The Card to Reader Interface
Barium Ferrite cards have several “standard” patterns for magnetized spot locations and polarities, the major ones are from Rusco, Cardkey, and SecuraKey. SecuraKey reads all of these patterns by building readers with sensors arranged in the same pattern – they are the only company who still produces readers for these legacy cards.
Standards for Magnetic Stripe for card and stripe size, materials, track width and location are set by ISO 7811. Card encoding standards are driven by by major mag stripe users, such as IATA (International Air Trasnportation Association) ABA (American Bankers Association) and the Thrift Industry. Access Control manufacturers have used or improvised on these standards in many ways. Some use ABA credit card numbers as cardholder ID numbers, although recent increases in identity theft have reduced this practice. Others use the ABA format, but have developed their own schemes for encoding facility codes and ID numbers. Proprietary secure mag stripe encoding schemes such as Dorado EMPI, Watermark and others require specialized readers.
Most proximity readers have a proprietary interface to the card, and most manufacturers’ prox cards cannot be read on another brand of reader. While many vendors share the same card chip, the card chips are customized during the initialization process to use certain modulation schemes, and passwords or encryption can also be used in the programming process. For example, HID’s modulation scheme is protected by US and international patents. While HID is proprietary, it became an industry standard through broad acceptance (much like the Wiegand effect became an industry standard, although cards and readers could only be manufactured by license.) Most other major proximity manufacturers, such as Indala, Cotag, AWID and Keri also have proprietary card-to-reader interfaces.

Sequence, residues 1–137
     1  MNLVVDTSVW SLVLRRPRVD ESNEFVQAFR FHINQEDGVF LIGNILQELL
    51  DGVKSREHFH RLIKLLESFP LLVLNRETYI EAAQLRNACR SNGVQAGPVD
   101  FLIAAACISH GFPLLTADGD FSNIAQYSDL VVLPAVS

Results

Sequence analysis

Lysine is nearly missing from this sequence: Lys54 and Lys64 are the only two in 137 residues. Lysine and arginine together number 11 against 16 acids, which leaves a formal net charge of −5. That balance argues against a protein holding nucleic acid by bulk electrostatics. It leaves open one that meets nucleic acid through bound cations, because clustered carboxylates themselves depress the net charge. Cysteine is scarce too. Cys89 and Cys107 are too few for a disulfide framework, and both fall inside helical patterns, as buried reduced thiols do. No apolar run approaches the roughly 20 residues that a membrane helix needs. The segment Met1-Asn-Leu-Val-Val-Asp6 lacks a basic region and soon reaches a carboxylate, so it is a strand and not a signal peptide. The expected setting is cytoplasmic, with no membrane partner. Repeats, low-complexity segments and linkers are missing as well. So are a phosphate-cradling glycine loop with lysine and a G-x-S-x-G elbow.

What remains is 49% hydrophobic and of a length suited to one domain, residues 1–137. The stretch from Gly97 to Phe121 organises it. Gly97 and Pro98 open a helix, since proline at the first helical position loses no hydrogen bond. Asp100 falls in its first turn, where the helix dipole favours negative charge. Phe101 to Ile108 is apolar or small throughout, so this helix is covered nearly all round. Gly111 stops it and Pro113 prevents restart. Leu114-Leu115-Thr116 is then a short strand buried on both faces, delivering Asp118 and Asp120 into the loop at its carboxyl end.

Indala goes a step further and optionally puts a site-specific password into its readers and cards, so that each customer effectively has his own highly secure card-to-reader interface.
At the other end of the spectrum, EM 4005 and 4100 read-only Proximity card chips are as close to an open standard as you could get. Information on how to build an EM reader is widely available. EM cards from one vendor can usually be read on EM readers from another vendor, which results in lower security. EM also makes more sophisticated card chips with read/write capability and higher security.
Contactless Smart Cards are more open than proximity technology. These cards operate at 13.56 MHz and are designed to meet published ISO standards, such as 14443A 14443B, and 15693. Key chip manufacturers are Philips, Texas Instrument, Sony, EM, Atmel, Microchip, Inside Technologies and Infinion. Each card has a unique CSN, or Card Serial Number, which can be easily read using published information. Several reader manufacturers including HID (iCLASS), AMAG and IE have demonstrated readers which will read the CSN on cards from multiple manufacturers. However, if you want to read anything stored in the card’s secure memory sectors, you will not only need authentication keys, but you will also need a decoding chip or proprietary encryption algorithms which are unique to each chip manufacturer. The “government version” of Philips DESFire contactless smart card is the first contactless smart card with an open, published standard. Naturally it can still be secured with authentication keys, but a special chip set is not required, and anyone can build a reader which reads the DESFire card. The chip is only available from Philips. This is the future of the contactless smart card – to – reader interface – a vendor-independent card chip.
The Future of the Reader-to-Panel Interface